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Didier Verna's scientific blog: Lisp, Emacs, LaTeX and random stuff.

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Wednesday, July 20 2011

One more indentation hack

Here's yet another indentation hack that I came up with recently.

All the work done by Nikodemus on the Slime indentation contrib is pretty cool, especially the notion of indentation style (though I wish the styles were Custom variables, but that is another story). I tend to use indentation styles for global, maybe collaborative preferences, but on several occasions however, I find that this approach has a couple of drawbacks.

  • One of them is that the indentation information is far away from the corresponding symbol, in a separate file. If you change a function's prototype for instance, you may also need to load the file(s) in which the corresponding style(s) is (are) defined and edit them.
  • The other problem is that if you want to let other people edit your source code and honor your indentation style, you also need to provide them with the style definition, and they need to load it separately.

For those reasons, I tend to think that the indentation style approach is not very well suited for project-specific indentation settings. What I would like is to provide indentation information close to the function definition, and also to have that information automatically available when anyone loads the project into Slime. Here's a way to do it.

The key to success here is the function swank:eval-in-emacs which, as its name suggests, sends some Emacs Lisp code to your (X)Emacs session for evaluation. This function effectively allows you to trigger some Emacs Lisp computation from a Common Lisp file. Remember that indentation information is stored in the common-lisp-indent-function property of a symbol. The function clindent below does this:

(defun clindent (symbol indent)
  "Set SYMBOL's indentation to INDENT in (X)Emacs.
This function sets SYMBOL's common-lisp-indent-function property.
If INDENT is a symbol, use its indentation definition.
Otherwise, INDENT is considered as an indentation definition."
  (when (and (member :swank *features*)
	     (let ((configuration
		     (find-symbol "MY.PACKAGE.CONFIGURATION" :cl-user)))
	       (when (and configuration (boundp configuration))
		 (getf (symbol-value configuration) :swank-eval-in-emacs))))
    (funcall (intern "EVAL-IN-EMACS" :swank)
	     `(put ',symbol 'common-lisp-indent-function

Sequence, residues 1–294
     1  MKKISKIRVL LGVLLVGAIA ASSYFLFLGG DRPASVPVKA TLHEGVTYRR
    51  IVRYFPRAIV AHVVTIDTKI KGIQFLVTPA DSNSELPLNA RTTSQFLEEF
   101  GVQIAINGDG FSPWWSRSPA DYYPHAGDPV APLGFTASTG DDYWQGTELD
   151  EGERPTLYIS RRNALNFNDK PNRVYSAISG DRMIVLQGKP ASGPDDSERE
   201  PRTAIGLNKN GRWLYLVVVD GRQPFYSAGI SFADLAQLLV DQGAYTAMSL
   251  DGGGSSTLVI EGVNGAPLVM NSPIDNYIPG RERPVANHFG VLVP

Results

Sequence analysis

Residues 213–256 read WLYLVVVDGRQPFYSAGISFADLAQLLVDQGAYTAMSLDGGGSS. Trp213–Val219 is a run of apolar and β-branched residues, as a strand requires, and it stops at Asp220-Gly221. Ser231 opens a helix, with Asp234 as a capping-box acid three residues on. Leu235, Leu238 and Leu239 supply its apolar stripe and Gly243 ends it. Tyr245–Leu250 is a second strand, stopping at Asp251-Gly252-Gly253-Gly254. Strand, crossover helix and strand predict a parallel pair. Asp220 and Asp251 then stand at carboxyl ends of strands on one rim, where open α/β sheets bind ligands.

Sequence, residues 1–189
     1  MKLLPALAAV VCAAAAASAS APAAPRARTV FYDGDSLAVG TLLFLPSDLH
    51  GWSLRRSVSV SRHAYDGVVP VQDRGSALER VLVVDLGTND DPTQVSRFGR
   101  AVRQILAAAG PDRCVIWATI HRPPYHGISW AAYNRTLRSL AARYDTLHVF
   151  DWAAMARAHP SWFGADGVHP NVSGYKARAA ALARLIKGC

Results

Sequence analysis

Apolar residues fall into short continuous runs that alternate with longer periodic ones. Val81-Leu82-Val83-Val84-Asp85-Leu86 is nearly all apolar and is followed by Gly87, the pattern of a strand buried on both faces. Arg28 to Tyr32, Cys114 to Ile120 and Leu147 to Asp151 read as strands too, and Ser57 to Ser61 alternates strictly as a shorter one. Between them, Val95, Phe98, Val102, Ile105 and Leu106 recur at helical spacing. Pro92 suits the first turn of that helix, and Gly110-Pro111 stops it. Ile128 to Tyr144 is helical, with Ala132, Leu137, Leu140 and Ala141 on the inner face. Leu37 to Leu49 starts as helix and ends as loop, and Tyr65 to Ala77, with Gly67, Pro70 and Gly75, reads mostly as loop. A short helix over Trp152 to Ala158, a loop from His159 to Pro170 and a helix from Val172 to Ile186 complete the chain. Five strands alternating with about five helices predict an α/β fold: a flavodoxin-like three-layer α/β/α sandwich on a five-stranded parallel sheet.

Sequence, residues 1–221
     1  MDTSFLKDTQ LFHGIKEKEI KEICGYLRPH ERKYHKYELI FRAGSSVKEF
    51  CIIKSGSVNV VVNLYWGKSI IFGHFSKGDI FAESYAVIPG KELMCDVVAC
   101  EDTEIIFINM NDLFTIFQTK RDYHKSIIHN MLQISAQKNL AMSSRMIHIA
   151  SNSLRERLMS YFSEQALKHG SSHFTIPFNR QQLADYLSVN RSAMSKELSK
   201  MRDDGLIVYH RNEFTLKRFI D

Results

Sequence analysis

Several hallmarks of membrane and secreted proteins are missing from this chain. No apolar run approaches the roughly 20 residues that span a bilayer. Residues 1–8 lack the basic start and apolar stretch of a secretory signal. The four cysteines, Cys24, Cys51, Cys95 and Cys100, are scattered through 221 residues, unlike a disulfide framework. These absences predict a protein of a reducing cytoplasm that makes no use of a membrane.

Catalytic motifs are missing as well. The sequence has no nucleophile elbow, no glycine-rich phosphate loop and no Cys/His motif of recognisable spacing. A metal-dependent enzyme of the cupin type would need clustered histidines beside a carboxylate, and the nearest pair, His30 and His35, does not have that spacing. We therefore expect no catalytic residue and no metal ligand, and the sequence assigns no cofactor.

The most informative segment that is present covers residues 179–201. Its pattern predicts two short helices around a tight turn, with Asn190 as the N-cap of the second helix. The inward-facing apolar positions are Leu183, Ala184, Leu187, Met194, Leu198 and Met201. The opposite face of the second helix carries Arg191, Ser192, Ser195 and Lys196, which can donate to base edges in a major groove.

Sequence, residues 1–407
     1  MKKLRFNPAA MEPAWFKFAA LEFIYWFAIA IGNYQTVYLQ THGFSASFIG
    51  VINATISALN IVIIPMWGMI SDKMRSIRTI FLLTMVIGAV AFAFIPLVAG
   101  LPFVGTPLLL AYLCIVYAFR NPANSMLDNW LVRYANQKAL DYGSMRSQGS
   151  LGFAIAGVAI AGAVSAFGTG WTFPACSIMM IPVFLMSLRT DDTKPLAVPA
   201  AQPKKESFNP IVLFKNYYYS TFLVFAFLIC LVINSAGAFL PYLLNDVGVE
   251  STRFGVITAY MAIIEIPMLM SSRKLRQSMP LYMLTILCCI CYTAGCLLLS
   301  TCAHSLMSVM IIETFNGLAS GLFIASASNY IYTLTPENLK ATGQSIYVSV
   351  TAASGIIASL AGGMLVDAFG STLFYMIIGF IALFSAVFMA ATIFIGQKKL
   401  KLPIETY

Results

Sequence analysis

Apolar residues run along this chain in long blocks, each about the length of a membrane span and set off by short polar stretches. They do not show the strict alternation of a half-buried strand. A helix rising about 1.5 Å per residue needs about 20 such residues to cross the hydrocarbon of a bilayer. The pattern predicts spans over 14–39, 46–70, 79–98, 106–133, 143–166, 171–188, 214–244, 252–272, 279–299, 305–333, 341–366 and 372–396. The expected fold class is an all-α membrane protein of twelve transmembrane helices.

,(if (symbolp indent)
			`(get ',indent 'common-lisp-indent-function)
		      `',indent))
	     t)))

As explained in the docstring, this function will ask (X)Emacs to put SYMBOL's common-lisp-indent-function property to a definition, either provided directly, or retrieved from another symbol. For example, if your package defines an econd macro, you may want to call it like this:

(clindent 'econd 'cond)

This function ensures that Swank is actually available before using it (first condition in the and clause). I will explain the other weird bits later on.

The next question is when exactly do we want to call this function? The answer is: pretty much on all occasions. Your code might be loaded from source and interpreted, or it might be compiled. But then, it might be compiled within or outside a Slime environment. In any case, you want your indentation information to be sent to (X)Emacs everytime it's possible. So obviously, we're gonna wrap this function in an eval-when form thanks to a macro. This is also a good opportunity to save some quoting.

(defmacro defindent (symbol indent)
  "Set SYMBOL's indentation to INDENT in (X)Emacs.
SYMBOL and INDENT need not be quoted.
See CLINDENT for more information."
  `(eval-when (:compile-toplevel :execute :load-toplevel)
     (clindent ',symbol ',indent)))

And now, right on top of your econd definition, you can just say this:

(defindent econd cond)

Now here's one final step. If your package uses its own readtable, it's even more convenient to define a reader-macro for indentation information. I choose #i:

(defun i-reader (stream subchar arg)
  "Read an argument list for the DEFINDENT macro."
  (declare (ignore subchar arg))
  (cons 'defindent (read stream)))
 
(set-dispatch-macro-character #\# #\i #'i-reader *readtable*)

And now, the code in my package will look like this:

#i(econd cond)
(defmacro econd #|...|#)

Pretty cool, eh?

All right. We still have two weirdos to explain in the clindent function.

First, you noticed that the function's computation is conditionalized on the existence of a cl-user::my.package.configuration variable, which actually stores a property list of various compiling or loading options for this package. The option we're interested in is :swank-eval-in-emacs, which must be set to non-nil. Here's why. The execution of Emacs Lisp code from Swank is (rightfully) considered as a security risk so it is disabled by default. If you want to authorize that, you need to set the (Emacs) variable slime-enable-evaluate-in-emacs to t. Otherwise, calling swank:evaluate-in-emacs is like calling 911. So we have a chicken-and-egg problem here: if we want to avoid an error in clindent, we would need to check the value of this variable, but in order to do that, we would need to evaluate something in (X)Emacs ;-)

The solution I choose is hence to disable the functionality by default, and document the fact that if people want to use my indentation information, they need to set both the Slime variable and my package-specific option to non-nil before loading the package (possibly setting them back to nil afterwards). They also need to trust that I'm not going to inject anything suspicious into their (X)Emacs session at the same time...